A Fictional Conversation on Marriage
San Antonio, Texas
Woodrow: So, Gus, what do you think about this gay marriage business. Lots of folks say we need a constitutional amendment to protect the institution of marriage.
Gus: Is that right, Woodrow. I thought the constitution was supposed to protect freedom, not restrict it.
Woodrow: Yeah, but this is about protecting the sacred institution of marriage, and that trumps freedom.
Gus: But, Woodrow, doesn’t the constitution guarantee each of us the right to decide what’s sacred and what’s not on our own?
Woodrow: Mostly, yes, but marriage is special. It’s a timeless and universal institution.
Gus: But that doesn’t mean it hasn’t changed over the centuries or that it’s the same for every couple.
Still, you’re bringing this up gets me to thinking about marriage and all that, and how much of the institution people really want to protect. I was looking through wedding ceremonies, and some of them do mention “this man and this woman” in passing, and there’s none with “husband and husband,” or “wife and wife.” But, you know what else I found in just about every wedding vow?
Woodrow: No, what?
Gus: Every wedding ceremony has words like “until death do you part.”
Woodrow: Well, of course they do. Marriages are supposed to last until one or t’other of the spouses die.
Gus: It don’t seem to me that this death-till-us-part bit is getting a hell of lot of protection these days. Seems to me that we need a constitutional amendment banning divorce a lot more than we need one banning gay and lesbian weddings.
Woodrow: Don’t be silly, Gus. It’s not the same.
Gus: What’s not the same about it, Woodrow?
Woodrow: Well, uh, well, uh, ….
Gus: I’ll tell you what’s not the same. People are a lot more willing to make someone else’s sins illegal than to make their own illegal. There are too many divorced people to make divorce illegal and there just may be too few gays and lesbians to prevent gay and lesbian marriages from becoming illegal.
Woodrow: There’s lots of gays and lesbians, Gus. You’d know that if you’d ever been to San Francisco. It’s disgusting, what they do in that Castro district.
Gus: You mean the promiscuity, the steam baths, jumping from one bed to another, the whole gay lifestyle, thing, right?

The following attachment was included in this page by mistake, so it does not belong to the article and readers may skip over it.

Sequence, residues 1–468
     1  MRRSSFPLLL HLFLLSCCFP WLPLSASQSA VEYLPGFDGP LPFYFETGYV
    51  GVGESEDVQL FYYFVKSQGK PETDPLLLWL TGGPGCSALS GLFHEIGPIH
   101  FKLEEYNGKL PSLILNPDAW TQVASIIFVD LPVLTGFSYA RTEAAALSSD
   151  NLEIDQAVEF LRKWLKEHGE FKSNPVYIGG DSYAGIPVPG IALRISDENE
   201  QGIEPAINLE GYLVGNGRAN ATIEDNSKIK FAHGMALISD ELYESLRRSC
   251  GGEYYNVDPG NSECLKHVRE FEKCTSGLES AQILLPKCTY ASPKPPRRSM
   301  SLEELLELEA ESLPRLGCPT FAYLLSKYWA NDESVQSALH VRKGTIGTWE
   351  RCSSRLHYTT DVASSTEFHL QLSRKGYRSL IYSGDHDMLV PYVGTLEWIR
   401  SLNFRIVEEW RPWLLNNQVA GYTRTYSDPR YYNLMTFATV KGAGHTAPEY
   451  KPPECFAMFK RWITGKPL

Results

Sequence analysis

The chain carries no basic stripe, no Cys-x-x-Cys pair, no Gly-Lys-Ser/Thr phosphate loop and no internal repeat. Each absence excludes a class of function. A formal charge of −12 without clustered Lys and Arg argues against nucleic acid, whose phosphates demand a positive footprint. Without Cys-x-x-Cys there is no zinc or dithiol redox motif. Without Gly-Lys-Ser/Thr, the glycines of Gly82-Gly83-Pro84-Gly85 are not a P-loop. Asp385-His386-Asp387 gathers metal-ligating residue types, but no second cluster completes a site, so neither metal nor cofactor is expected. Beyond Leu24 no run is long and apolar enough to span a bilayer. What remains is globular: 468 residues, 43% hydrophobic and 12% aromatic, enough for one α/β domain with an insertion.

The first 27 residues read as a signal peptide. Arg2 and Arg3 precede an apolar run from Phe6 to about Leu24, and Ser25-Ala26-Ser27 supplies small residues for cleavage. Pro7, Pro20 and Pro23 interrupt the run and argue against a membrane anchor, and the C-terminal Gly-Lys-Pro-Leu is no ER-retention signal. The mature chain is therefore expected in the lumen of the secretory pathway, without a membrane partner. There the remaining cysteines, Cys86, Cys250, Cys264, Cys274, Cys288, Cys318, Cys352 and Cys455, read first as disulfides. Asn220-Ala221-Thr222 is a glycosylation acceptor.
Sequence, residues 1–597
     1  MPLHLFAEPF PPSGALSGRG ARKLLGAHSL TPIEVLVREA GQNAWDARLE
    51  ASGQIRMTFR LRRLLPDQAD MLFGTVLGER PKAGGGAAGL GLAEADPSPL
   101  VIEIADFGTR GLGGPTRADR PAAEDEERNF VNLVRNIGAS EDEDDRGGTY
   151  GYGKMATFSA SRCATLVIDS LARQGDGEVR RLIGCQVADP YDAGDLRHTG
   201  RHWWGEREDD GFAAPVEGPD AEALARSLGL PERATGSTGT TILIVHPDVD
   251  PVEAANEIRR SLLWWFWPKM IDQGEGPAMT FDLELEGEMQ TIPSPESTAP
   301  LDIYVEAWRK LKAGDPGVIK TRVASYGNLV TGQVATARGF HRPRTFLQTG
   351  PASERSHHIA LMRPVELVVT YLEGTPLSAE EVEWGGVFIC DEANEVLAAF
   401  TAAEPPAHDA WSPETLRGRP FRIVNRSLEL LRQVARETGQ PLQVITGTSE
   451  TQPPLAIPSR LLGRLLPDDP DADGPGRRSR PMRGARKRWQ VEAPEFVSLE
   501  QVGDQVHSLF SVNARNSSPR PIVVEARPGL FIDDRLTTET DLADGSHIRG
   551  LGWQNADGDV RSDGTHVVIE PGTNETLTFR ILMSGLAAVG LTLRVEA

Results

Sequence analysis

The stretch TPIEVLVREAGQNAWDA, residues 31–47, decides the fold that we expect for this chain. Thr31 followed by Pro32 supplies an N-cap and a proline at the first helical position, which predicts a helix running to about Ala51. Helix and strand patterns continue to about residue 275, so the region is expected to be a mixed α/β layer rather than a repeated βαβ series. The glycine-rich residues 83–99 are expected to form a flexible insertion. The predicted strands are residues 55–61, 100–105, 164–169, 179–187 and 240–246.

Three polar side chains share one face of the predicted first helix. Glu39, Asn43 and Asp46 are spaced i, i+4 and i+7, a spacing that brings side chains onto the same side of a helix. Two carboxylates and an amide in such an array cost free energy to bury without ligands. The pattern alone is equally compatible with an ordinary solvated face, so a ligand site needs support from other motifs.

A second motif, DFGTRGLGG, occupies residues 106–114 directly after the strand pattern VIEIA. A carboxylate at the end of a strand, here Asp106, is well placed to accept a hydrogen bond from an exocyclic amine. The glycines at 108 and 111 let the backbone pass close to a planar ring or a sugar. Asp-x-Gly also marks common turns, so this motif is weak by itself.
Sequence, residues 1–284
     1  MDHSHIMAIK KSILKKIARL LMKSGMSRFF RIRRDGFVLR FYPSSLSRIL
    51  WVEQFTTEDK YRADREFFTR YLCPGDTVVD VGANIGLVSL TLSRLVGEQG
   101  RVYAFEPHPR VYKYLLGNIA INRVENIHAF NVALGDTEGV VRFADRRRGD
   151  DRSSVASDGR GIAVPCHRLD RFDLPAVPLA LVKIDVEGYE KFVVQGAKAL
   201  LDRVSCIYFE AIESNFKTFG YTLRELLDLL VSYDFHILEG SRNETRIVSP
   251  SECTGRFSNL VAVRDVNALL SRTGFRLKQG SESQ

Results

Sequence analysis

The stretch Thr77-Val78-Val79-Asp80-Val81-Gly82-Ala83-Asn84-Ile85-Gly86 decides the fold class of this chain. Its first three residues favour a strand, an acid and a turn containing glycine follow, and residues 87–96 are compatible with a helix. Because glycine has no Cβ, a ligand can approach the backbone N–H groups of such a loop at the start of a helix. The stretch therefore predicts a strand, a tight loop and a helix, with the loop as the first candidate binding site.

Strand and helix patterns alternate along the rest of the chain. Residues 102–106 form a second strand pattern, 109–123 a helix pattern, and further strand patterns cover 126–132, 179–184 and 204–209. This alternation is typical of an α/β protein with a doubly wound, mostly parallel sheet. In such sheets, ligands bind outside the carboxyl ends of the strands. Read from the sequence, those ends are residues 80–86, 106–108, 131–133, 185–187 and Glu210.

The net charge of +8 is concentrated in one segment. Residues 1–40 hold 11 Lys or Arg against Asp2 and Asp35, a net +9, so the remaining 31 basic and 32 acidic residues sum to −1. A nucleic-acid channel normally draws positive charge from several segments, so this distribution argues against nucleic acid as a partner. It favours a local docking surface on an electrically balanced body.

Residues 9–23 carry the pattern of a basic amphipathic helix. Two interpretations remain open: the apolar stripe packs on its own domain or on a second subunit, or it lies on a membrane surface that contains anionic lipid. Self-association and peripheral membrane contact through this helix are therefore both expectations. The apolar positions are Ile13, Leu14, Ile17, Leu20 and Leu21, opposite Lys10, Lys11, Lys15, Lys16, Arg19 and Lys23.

Woodrow: Yeah, the gay lifestyle. They sure ain’t like us.
Gus: Well, gee Woodrow, if we don’t like the fact that they ain’t like us, why would we make it illegal for them to marry, settle down, and become more like us?
Woodrow: Because they engage in sodomy, Gus, and that ain’t right.
Gus: Maybe, but it ain’t illegal. And if you don’t want them having sex with each other, Woodrow, how do you want them to live?
Woodrow: Well, they should change. Find a lover of the opposite sex, get married and settle down.
Gus: You think they could do that, eh?
Woodrow: Why not?
Gus: Well, do you think you could become gay, Woodrow?
Woodrow: I hope you’re not suggesting what I think you’re suggesting.
Gus: I’ll take that as a “No.” So, if you can’t change from straight to gay, how can you expect some gay guy or lesbian to become straight?
Woodrow: Well, maybe they can’t. But if they can’t, they could just not have sex at all.
Gus: You think that’s practical. You’re going to ask all the gays and lesbians just to give up sex? Do you think that you could give up sex?
Woodrow: Now, Gus, that’s not a fair question.
Gus: I’ll tell you what I think, Woodrow. I think that if you look around, you’ll see all sorts of marriages, some good, some bad. The same can be said for marriage customs. I just can’t figure how denying a gay couple or a lesbian couple the right to settle down and form a household like you and I can do serious damage to the institution; and it seems like it would make life better for all of us.
Woodrow: And, I’ll tell you what, I think, Gus. I think I’ll have a beer.
Gus. First sensible thing you’ve said, Woodrow. You reckon there’ll ever be a constitutional amendment banning beer?
Woodrow: It’s been tried, Gus. Didn’t work so good.
Gus: Yeah, how soon we forget.